Look, let’s face it: This was 50 minutes of filler eating up time until we could get to the real point of the show — telling us who had won. Some of it was enjoyable, some of it was pointless, and some of it was awful. Fortunately for me, I’m watching this from my parent’s house, and my dad, from whom I inherited the curmudgeon gene, provided color commentary. Hey, it kept me more or less awake until the end.
Your Next Great American Band is — Spoilers!!!
The important stuff
The Clark Brothers win it all. Whoo-hoo! I’m thrilled, the judges are thrilled, the audience is thrilled and the boys themselves are completely gobsmacked. They actually fall to the ground when they find out they won. Then Austin starts jumping up and down like a madman. It’s kind of awesome. I love these guys — they’re talented as all hell, but humble and real at the same time, you know? I hope they can keep that as they move through the industry.
However, I’m damn glad they didn’t play tonight’s song earlier in the competition, or we may not have seen the same result. However, I do give them credit for performing an original tonight — Sixwire and D&MHO stuck with covers.
The original, "You Are Still the Same," was a sweet song, but kind of slow. You’d call it swoony and contemplative if you were being complimentary, sleepy and boring if you weren’t. I can see it being a decent album track, but it’s hardly something I’d play to get people to call in and vote. So good job, guys, holding this one until the end.
Sixwire and D&MHO are both great bands, however, and I’d be amazed if someone, somewhere didn’t offer them a record contract based on their performances on the show. Here’s hoping…
The obligatory Christmas cheer
I’ll admit it, the Christmas-song medley with a bunch of past bands was a lot of fun — obviously filler, but it was good to see some of the musicians again. However, a lot of the bands really didn’t mesh well together.
- Light of Doom sounded pretty god-awful doing "Merry Christmas Everybody," but even worse, I found myself agreeing with my dad that it was "just noise." When the hell did I become a crotchety old woman?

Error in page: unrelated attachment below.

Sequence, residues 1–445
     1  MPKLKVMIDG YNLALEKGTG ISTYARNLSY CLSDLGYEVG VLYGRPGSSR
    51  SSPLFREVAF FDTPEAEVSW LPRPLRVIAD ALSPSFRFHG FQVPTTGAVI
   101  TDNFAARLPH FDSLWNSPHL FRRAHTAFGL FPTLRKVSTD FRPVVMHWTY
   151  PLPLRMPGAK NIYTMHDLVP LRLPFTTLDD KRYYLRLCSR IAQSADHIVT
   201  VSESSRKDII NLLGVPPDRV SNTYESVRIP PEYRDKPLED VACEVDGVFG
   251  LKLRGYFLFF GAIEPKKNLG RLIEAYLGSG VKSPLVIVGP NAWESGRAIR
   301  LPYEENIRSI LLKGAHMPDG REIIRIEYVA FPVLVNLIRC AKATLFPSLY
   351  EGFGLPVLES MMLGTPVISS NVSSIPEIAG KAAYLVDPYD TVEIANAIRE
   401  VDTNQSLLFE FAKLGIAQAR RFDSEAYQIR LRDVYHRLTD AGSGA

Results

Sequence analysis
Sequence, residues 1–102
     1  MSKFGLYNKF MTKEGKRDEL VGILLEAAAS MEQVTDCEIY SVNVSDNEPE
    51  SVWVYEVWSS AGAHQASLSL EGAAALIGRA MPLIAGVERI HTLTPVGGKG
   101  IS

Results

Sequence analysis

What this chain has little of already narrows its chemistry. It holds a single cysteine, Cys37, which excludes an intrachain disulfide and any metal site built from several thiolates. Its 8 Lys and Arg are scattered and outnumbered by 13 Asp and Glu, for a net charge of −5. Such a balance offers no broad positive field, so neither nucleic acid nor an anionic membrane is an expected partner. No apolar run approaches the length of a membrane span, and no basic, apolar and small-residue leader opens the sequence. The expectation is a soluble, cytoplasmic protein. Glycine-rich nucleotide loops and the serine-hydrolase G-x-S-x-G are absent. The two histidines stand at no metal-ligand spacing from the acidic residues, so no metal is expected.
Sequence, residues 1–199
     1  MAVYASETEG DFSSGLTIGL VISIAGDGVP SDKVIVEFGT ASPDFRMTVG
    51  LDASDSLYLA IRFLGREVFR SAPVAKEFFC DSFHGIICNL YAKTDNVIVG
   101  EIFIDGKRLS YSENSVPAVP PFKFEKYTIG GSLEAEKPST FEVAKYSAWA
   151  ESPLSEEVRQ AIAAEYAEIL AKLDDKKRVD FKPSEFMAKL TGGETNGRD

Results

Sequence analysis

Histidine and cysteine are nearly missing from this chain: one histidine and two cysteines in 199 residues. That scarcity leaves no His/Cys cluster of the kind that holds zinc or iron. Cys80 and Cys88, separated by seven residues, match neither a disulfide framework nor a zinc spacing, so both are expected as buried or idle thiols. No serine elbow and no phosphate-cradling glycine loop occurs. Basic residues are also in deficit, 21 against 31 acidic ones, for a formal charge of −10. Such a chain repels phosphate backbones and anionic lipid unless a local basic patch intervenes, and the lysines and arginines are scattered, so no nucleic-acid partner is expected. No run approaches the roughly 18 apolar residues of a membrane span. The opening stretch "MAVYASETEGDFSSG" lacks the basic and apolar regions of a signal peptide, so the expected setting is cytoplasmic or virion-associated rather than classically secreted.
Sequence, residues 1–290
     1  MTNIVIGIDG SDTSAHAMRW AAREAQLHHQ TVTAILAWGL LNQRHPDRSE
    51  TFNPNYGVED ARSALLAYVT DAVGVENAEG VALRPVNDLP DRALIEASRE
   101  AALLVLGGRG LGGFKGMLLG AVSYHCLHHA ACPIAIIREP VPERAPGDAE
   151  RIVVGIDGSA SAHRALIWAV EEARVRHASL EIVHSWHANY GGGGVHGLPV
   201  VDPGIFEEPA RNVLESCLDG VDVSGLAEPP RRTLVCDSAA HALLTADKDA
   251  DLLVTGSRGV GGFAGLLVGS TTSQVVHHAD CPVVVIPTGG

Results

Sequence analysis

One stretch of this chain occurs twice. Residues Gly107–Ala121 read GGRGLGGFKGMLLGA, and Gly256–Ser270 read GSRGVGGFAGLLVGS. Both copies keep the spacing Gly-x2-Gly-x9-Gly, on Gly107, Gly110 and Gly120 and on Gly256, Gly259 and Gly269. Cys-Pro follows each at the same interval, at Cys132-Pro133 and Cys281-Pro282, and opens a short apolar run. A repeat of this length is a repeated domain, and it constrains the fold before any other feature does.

- Dot Dot Dot with a couple of the guys from Tres Bien! were kind of all over the place — something that could be said about both bands throughout the entire competition.
- Cliff Wagner and the Old # 7 did "Grandma Got Run Over By a Reindeer," one of the most horrific Christmas songs ever written. I’m afraid I was too distracted to comment on the performance in any depth — my dad insisted he really liked that song, so I spent much of that time staring at him in horror.
- Light of Doom drummer Mitch’s high-energy sleighbell performance with Tres Bien! On "Simply Having a Wonderful Christmas Time" was possibly the best part of the whole medley. It was ridiculous, but that was the point.
- Why oh why did anyone decide to have the Clark Brothers perform "Last Christmas"? Wham? Seriously? I’m an 80s aficionado, and I don’t even like the song.
- D&MHO’s take on "Santa Claus is Coming to Town" was a bit too corporate Christmas party for my tastes. Dad agreed: "Who’s he trying to be, Bobby Darrin? Actually, they’re not bad — it was kind of an insipid song." That it was.
- Everyone getting together for "Another Rock ‘N Roll Christmas" was complete chaos, but hey, it looked like they were having fun.
Thoughts, highlights and odds and ends
- Sixwire brought the energy and fun with "The Last Time," and D&MHO rocked "Vehicle." Dad was particularly impressed by D&MHO — "They were clearly musicians; they were playing music, not noise; and I could understand most of what the guy was saying." Tragically, my dad didn’t vote, and D&MHO was the first band out.
- Northmont’s lead singer and guitarist sang Santana’s "Smooth" with an assist from D&MHO’s horns, Sixwire’s rhythm section, and Austin on that sweet flying-v Dobro. Northmont was the band that got two chances at the audition, but didn’t make it in because the band wasn’t up to the singer’s level, remember? Yeah, well, the singer was nothing to write home about, either, as proved by this song. Snore!
- What the hell was going on with that jazz piano break in "The Glamorous Life"? Totally jarring.
- Why bring in Geoff Byrd and The Likes of You to sing in front of the crying montage? The song was boring and forgettable, and they got bounced the first week — why give them time on stage? Actually, why have a crying montage at all? Oh well — at least it wasn’t Fifi LaRue, the Psycho Killer Clown.
- I love Sheila E., and the Goo-Goo Dolls are just fine, but why have them play? Yes, I know they’re famous musicians, but Paula Abdul never sings on American Idol, does she? Do Carrie Ann Inaba and Len Goodman do a quick paso doble on Dancing with the Stars? No? Then why give Sheila and John the stage?
- Notable in their absence: Franklin Bridge, The Hatch, The Muggs and Rocket. Were they not invited? Or did they decline an invitation? As The Hatch’s lead singer made an ass out of himself, saying "I guess 300 people in Nebraska have spoken," I can see them not inviting him back. I’m guessing The Muggs and Rocket were feeling pretty bitter about how their lead singers were (deservedly) raked over the coals. I’m bummed about Franklin Bridge, though — they were awesome, and the judges loved them. Busy schedule, or deliberate snub? Considering the attitude Curt had when the judges spoke, I’m guessing it’s the latter.
- After their win, The Clark Brothers perform their original "Billy the Kid" — with drums and bass this time. I liked it better without. Were they bowing to pressure from the judges or the record label by adding them in? That doesn’t bode well.
Did the right band win? Will you seek out a Clark Brothers CD, or are you holding out for Sixwire or D&MHO releases? Who were you most glad to see again — and who should have been denied entrance? And do you think this show has a chance in hell of coming back for another season?